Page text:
As Massachusetts communities consider whether to allow recreational marijuana dispensaries inside their borders, one thing is clear – those that say “no” could be leaving significant money on the table.
For supporters of the Question 4 ballot initiative that voters solidly supported in 2016, local prohibitions seem to make no sense. They also run counter to the will of that majority of voters, which favored recreational marijuana by nearly 54 percent.
In some communities, local government bodies have passed moratoriums on non-medical dispensaries or outright bans. In June, Southbridge voters said no to marijuana production, cultivation, manufacturing and retail. That was during a 19 percent turnout for a local election. In the 2016 state election, with a much higher turnout, 56 percent of Southbridge voters voted yes on Question 4.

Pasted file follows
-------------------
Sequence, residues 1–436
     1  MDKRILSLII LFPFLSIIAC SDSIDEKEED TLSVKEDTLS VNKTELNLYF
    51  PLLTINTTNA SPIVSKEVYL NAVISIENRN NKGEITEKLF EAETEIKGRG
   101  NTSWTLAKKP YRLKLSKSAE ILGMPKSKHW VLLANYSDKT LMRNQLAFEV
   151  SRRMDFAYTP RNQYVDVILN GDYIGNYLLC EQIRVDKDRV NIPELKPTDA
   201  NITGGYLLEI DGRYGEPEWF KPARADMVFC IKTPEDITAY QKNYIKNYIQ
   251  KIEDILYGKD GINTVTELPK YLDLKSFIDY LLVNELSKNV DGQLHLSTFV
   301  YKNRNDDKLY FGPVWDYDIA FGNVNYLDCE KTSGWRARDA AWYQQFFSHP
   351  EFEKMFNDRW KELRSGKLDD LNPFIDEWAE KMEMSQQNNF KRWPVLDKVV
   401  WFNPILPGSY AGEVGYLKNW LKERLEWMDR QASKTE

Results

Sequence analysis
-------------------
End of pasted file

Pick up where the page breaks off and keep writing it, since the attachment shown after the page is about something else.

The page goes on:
It is that very contradiction that puzzles supporters of the law, who note that marijuana users who live in every Massachusetts community will effectively be contributing to the economies of the nearest towns that approve dispensaries.
That was a point that Worcester officials had in mind when they approved four medical marijuana sites. The sites could all transform into recreational marijuana facilities down the road, according to Jacob Sanders, coordinator of the city’s intergovernmental affairs and municipal initiatives.
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